The First Home Owner Grant is a national scheme funded by Australian states and territories. If your children or grandchildren are unsure about eligibility, contact your state revenue office. Getting some extra assistance from the government can help out your child or grandchild when they need it the most.
Loan the deposit
Lenders will generally ask for a minimum deposit of between 10% and 20% when buying a home. If you can afford it, loaning an interest free deposit can be a great start for your child’s or grandchild’s home ownership dreams. A good deposit will reduce the amount that needs to be borrowed, as well as the interest paid over the life of their loan, setting them up for a better financial future.
Bear in mind, if you happen to receive Centrelink payments, you’ll need to consider that a loan of this nature could impact your benefits.
Signing as a guarantor
Some lenders allow you to use the equity in your home as additional security for a loan taken out by your child or grandchild. It’s essentially a promise by you to the lender that they will abide by their responsibilities as a borrower. And, if they don’t or are unable to, that you will repay the loan for them.
Going guarantor requires a lot of thought because, if things don’t go to plan, the loan becomes your responsibility and you may have to sell your own home in the process to clear your child’s or grandchild’s debt. Having a transparent understanding of your child’s or grandchild’s financial position (and history) can help you make a decision which will financially suit both parties.
Going in as a joint borrower
If you sign as a joint borrower, you’re equally responsible for the home loan and must repay the entire debt with the principal borrower—your child or grandchild—whether they default or not. This option can assist your child or grandchild if they have a bad credit rating, but have proved to you they are financially mature enough to manage their mortgage repayments. This is also a big commitment and you’ll need to understand the risks and get the right advice.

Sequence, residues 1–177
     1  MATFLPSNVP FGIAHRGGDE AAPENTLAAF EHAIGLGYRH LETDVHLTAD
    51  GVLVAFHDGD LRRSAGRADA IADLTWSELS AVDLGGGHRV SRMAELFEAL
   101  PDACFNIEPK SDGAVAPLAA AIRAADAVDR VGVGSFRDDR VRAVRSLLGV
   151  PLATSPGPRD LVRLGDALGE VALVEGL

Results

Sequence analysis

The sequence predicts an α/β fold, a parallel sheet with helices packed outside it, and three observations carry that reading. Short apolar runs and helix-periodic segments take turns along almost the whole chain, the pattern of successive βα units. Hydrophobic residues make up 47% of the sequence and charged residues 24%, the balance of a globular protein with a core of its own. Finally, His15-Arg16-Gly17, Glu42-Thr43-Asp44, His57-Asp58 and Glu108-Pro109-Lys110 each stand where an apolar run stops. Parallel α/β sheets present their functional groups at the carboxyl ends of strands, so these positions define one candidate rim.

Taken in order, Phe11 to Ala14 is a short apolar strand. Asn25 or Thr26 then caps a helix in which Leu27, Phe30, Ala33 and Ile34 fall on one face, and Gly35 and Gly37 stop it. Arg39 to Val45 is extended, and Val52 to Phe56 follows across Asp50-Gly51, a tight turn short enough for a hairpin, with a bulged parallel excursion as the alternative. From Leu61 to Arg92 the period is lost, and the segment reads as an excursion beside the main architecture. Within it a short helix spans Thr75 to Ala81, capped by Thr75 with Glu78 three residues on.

If you’re going to give money to your children or grandchildren, it may be a good idea to discuss early on how and when the money will be provided, and when and if you want the money back.
Likewise, if you’re providing non-financial support, make it clear on what terms support will be provided, for instance how long your child or grandchild can stay with you while they save.
Having an agreement in place can go a long way to ensuring everyone is on the same page and you may even consider writing down what you’ve agreed to so there are ground rules in place.
Meanwhile, if the support you plan to provide will be financial, you may want to speak to your adviser so you’re aware of the risks, benefits and any tax implications.
* Anthony Jones is an authorised representative of AMP Financial Planning Pty Ltd, ABN 89 051 208 327,, AFS Licence No. 232706.
Any advice given is general only and has not taken into account your objectives, financial situation or needs. Because of this, before acting on any advice, you should consult a financial planner to consider how appropriate the advice is to your objectives, financial situation and needs.